SpaceX Falcon-9 successfully launches & lands, could mark ‘low-cost’ era of space travel
On Thursday at 6:27pm EST, SpaceX re-launched and landed the rocket from the CRS 8 mission, which blasted off in April of last year to carry roughly 7,000 pounds (3175kg) of cargo to the ISS before successfully landing on a floating drone ship.
"This is gonna be ultimately a huge revolution in spaceflight," SpaceX CEO Elon Musk said upon the successful landing.
The crowd attending the launch turned from cheering to outright raucous at about the 3-minute mark of the launch, when the Falcon-9 neared an altitude of 100 kilometers, or over 62 miles.
After about seven minutes, the first stage of the rocket was on its way back to the drone ship. The landing was intensely anticipated. The live video feed was lost on the drone ship, due to the vibrations of the second stage, but the landing was reported successful.
Static fire test complete. Targeting Thursday, March 30 for Falcon 9 launch of SES-10. pic.twitter.com/0tZ7u6gngI— SpaceX (@SpaceX) March 27, 2017
A Luxembourg-based telecommunications company called SES, a longtime SpaceX customer, is launching its SES-10 satellite into a high-altitude orbit approximately 22,200 miles (35,700 kilometers) above Earth with the aim of providing internet and television coverage to countries across Latin America.
SpaceX is hoping to successfully launch the SES-10 satellite into orbit and then recover the first-stage booster rocket. The lower half of the launch vehicle is typically the most expensive component of the craft, costing tens of millions of dollars to produce.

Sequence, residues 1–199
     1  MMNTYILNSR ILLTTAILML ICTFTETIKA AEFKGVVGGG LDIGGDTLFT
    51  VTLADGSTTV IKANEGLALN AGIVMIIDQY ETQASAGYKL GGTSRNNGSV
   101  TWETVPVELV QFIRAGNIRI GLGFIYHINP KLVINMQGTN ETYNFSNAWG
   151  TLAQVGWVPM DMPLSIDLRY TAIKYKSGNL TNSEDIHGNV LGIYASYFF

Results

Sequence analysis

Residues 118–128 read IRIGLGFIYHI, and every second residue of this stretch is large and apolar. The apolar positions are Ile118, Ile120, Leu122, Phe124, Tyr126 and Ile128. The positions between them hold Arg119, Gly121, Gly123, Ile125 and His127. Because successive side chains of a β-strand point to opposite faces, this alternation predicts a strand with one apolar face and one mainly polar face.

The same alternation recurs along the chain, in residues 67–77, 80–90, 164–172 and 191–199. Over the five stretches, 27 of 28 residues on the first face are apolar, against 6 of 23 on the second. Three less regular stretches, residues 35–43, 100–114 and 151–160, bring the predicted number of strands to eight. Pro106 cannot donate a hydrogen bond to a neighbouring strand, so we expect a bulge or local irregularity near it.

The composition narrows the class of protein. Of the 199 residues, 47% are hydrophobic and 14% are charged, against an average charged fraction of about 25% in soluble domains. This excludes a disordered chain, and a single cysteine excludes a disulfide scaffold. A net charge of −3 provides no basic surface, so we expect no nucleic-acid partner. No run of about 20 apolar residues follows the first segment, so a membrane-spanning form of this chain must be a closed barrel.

“Wherever we can change the industry equation, we will do it. We were waving our hands to be the first,” SES’ global communications director, Marcus Payer, told Business Insider. “We are not risk-averse; otherwise we would not be launching satellites."
Reusable rockets could eventually provide up to a 30 percent saving to customers, SpaceX’s COO and president, Gwynne Shotwell, told the Verge. New Falcon 9 missions currently cost customers roughly $60 million, but by taking advantage of ‘used’ goods potential future missions could cost just $40 million.
“We believe reusable rockets will open up a new era of spaceflight, and make access to space more efficient in terms of cost and manifest management,” SES’ CTO, Martin Halliwell, said in a previous statement, as cited by The Verge.
While Jeff Bezos’ Blue Origin has reused rockets in the past, these had only been used in suborbital test flights and had not carried any payloads.
John Logsdon, a space policy expert and historian at George Washington University’s Space Policy Institute, told Business Insider that “reusability has been the Holy Grail in access to space for a long, long time,” adding that “each recovered booster will present a different challenge.”
While there have certainly been several explosive failures in SpaceX’s past, of the 13 launches so far, a total of eight rockets have successfully landed back on Earth.
A static test fire of the engines on Monday was successful and there is roughly a 70 percent chance of favorable weather, reports the Verge, citing US Air Force sources.
The launch window opens at 6:27pm EDT (23:27 GMT) and will last roughly two hours and 30 minutes.